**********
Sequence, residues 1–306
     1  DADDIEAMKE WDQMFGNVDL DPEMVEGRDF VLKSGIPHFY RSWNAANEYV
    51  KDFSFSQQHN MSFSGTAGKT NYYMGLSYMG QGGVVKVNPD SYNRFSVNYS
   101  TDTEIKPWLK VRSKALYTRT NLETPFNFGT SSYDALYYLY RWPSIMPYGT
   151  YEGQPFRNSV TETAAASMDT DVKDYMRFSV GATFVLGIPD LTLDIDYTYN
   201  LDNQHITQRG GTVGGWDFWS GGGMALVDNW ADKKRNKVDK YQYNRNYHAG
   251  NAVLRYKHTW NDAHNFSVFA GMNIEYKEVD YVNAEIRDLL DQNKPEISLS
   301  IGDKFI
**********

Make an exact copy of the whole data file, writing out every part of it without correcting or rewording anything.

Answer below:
Sequence, residues 1–306
     1  DADDIEAMKE WDQMFGNVDL DPEMVEGRDF VLKSGIPHFY RSWNAANEYV
    51  KDFSFSQQHN MSFSGTAGKT NYYMGLSYMG QGGVVKVNPD SYNRFSVNYS
   101  TDTEIKPWLK VRSKALYTRT NLETPFNFGT SSYDALYYLY RWPSIMPYGT
   151  YEGQPFRNSV TETAAASMDT DVKDYMRFSV GATFVLGIPD LTLDIDYTYN
   201  LDNQHITQRG GTVGGWDFWS GGGMALVDNW ADKKRNKVDK YQYNRNYHAG
   251  NAVLRYKHTW NDAHNFSVFA GMNIEYKEVD YVNAEIRDLL DQNKPEISLS
   301  IGDKFI